+ much the same without defining new functions.  Here's an example:
+ @samp{%~(form (count-lines (point-min) (point)))@@}.  The form
+ given here will be evaluated to yield the current line number, and then
+ inserted.
+ 
+ 
+ @node Formatting Fonts
+ @subsection Formatting Fonts
+ 
+ There are specs for highlighting, and these are shared by all the format
+ variables.  Text inside the @samp{%(} and @samp{%)} specifiers will get
+ the special @code{mouse-face} property set, which means that it will be
+ highlighted (with @code{gnus-mouse-face}) when you put the mouse pointer
+ over it.
+ 
+ Text inside the @address@hidden and @address@hidden specifiers will have their
+ normal faces set using @code{gnus-face-0}, which is @code{bold} by
+ default.  If you say @address@hidden, you'll get @code{gnus-face-1} instead,
+ and so on.  Create as many faces as you wish.  The same goes for the
+ @code{mouse-face} specs---you can say @samp{%3(hello%)} to have
+ @samp{hello} mouse-highlighted with @code{gnus-mouse-face-3}.
+ 
+ Text inside the @samp{%<<} and @samp{%>>} specifiers will get the
+ special @code{balloon-help} property set to
+ @code{gnus-balloon-face-0}.  If you say @samp{%1<<}, you'll get
+ @code{gnus-balloon-face-1} and so on.  The @code{gnus-balloon-face-*}
+ variables should be either strings or symbols naming functions that
+ return a string.  When the mouse passes over text with this property
+ set, a balloon window will appear and display the string.  Please
+ refer to @ref{Tooltips, ,Tooltips, emacs, The Emacs Manual},
+ (in GNU Emacs) or the doc string of @code{balloon-help-mode} (in
+ XEmacs) for more information on this.  (For technical reasons, the
+ guillemets have been approximated as @samp{<<} and @samp{>>} in this
+ paragraph.)
+ 
+ Here's an alternative recipe for the group buffer:
+ 
+ @lisp
+ ;; @r{Create three face types.}
+ (setq gnus-face-1 'bold)
+ (setq gnus-face-3 'italic)
+ 
+ ;; @r{We want the article count to be in}
+ ;; @r{a bold and green face.  So we create}
+ ;; @r{a new face called @code{my-green-bold}.}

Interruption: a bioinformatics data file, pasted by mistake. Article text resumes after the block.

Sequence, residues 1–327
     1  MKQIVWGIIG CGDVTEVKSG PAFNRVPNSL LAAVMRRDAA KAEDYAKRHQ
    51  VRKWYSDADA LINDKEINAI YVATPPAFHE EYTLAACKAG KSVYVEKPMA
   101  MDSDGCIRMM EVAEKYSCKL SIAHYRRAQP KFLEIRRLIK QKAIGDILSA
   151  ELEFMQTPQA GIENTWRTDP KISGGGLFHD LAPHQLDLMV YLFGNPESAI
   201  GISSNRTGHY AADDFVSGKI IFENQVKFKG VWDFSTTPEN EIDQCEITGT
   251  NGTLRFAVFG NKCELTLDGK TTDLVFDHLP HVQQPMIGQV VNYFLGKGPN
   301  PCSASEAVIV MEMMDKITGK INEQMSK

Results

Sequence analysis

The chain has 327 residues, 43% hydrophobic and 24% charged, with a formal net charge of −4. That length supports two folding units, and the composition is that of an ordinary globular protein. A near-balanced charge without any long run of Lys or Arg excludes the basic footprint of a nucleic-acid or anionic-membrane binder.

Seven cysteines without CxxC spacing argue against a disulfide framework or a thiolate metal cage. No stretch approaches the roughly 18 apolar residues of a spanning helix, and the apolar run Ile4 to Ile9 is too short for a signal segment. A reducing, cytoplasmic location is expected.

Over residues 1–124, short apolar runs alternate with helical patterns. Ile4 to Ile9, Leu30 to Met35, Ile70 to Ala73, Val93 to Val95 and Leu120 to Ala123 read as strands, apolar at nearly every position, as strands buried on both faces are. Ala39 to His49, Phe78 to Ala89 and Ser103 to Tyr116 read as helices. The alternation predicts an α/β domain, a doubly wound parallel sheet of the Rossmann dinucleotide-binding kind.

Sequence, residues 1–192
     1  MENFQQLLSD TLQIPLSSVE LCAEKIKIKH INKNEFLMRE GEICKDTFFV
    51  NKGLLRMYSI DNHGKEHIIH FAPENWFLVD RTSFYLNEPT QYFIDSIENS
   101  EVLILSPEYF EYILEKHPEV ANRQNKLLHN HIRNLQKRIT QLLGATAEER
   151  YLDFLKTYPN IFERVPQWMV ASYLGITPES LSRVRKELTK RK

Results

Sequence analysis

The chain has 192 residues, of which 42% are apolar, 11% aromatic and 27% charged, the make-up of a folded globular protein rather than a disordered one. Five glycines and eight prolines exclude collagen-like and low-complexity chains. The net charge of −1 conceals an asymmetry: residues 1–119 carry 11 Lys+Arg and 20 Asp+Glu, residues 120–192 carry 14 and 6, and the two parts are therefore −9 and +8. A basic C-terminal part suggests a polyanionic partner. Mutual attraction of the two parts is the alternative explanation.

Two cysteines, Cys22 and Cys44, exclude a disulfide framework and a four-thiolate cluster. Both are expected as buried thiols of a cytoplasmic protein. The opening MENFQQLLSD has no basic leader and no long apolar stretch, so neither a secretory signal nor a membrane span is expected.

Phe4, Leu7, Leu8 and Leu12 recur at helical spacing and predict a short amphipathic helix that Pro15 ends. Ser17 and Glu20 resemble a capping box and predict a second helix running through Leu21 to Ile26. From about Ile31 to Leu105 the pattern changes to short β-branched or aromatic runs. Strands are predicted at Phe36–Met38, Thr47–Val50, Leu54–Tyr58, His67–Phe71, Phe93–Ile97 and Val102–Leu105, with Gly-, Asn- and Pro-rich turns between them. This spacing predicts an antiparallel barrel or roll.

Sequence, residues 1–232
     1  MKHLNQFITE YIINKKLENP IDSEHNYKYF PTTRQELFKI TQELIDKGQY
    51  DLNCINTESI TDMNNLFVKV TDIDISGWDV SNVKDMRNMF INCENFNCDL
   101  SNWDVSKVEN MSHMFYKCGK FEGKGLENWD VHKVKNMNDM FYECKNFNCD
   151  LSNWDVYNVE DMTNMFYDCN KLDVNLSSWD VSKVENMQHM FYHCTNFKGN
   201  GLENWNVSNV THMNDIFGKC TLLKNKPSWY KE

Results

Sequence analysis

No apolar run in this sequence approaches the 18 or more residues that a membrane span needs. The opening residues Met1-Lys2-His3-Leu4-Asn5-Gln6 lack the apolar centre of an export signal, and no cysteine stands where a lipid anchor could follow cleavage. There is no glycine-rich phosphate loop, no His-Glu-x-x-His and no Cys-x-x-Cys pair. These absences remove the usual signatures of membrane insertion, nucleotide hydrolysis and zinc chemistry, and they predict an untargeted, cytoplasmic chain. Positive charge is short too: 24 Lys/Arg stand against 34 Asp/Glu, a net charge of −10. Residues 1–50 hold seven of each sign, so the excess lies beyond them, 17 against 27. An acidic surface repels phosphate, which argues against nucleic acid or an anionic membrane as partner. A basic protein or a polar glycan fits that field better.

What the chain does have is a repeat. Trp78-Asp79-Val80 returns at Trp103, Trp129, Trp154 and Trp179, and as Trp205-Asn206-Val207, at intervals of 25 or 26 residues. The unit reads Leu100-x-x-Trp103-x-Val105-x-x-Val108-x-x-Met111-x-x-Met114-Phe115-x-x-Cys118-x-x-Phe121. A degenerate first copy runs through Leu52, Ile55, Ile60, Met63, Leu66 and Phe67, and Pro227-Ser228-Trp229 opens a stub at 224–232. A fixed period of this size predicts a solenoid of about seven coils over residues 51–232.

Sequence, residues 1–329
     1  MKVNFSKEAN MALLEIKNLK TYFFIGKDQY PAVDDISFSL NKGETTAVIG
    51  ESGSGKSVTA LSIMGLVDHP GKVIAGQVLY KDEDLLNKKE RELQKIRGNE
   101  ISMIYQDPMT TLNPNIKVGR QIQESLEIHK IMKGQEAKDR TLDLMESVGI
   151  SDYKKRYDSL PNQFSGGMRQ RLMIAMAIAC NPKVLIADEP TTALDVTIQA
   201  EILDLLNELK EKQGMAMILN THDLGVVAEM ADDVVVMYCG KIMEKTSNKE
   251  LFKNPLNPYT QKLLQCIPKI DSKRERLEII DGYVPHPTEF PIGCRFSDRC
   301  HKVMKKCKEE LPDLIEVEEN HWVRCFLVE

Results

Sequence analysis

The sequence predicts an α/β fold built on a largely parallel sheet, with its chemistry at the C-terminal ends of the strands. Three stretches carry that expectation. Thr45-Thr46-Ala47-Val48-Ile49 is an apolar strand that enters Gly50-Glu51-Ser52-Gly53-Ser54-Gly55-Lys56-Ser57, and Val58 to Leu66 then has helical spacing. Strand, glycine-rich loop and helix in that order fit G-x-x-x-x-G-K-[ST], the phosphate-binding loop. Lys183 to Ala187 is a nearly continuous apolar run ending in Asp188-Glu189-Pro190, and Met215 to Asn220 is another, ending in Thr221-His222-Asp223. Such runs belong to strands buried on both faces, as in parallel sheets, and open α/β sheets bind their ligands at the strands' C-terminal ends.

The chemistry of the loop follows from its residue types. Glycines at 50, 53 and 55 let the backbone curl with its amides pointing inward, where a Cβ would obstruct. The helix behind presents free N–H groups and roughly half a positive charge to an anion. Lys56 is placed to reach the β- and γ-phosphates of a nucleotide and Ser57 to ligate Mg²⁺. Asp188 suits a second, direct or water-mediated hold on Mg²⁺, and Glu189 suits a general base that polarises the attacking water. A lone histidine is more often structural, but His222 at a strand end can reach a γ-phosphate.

+ (copy-face 'bold 'my-green-bold)
+ ;; @r{Set the color.}
+ (set-face-foreground 'my-green-bold "ForestGreen")
+ (setq gnus-face-2 'my-green-bold)
+ 
+ ;; @r{Set the new & fancy format.}
+ (setq gnus-group-line-format
+       "address@hidden@}%2[:%] %(address@hidden@}%)\n")
+ @end lisp
+ 
+ I'm sure you'll be able to use this scheme to create totally unreadable
+ and extremely vulgar displays.  Have fun!
+ 
+ Note that the @samp{%(} specs (and friends) do not make any sense on the
+ mode-line variables.
+ 
+ @node Positioning Point
+ @subsection Positioning Point
+ 
+ Gnus usually moves point to a pre-defined place on each line in most
+ buffers.  By default, point move to the first colon character on the
+ line.  You can customize this behaviour in three different ways.
+ 
+ You can move the colon character to somewhere else on the line.
+ 
+ @findex gnus-goto-colon
+ You can redefine the function that moves the point to the colon.  The
+ function is called @code{gnus-goto-colon}.
+ 
+ But perhaps the most convenient way to deal with this, if you don't want
+ to have a colon in your line, is to use the @samp{%*} specifier.  If you
+ put a @samp{%*} somewhere in your format line definition, Gnus will
+ place point there.
+ 
+ 
+ @node Tabulation
+ @subsection Tabulation
+ 
+ You can usually line up your displays by padding and cutting your
+ strings.  However, when combining various strings of different size, it
+ can often be more convenient to just output the strings, and then worry
+ about lining up the following text afterwards.
+ 
+ To do that, Gnus supplies tabulator address@hidden  There are two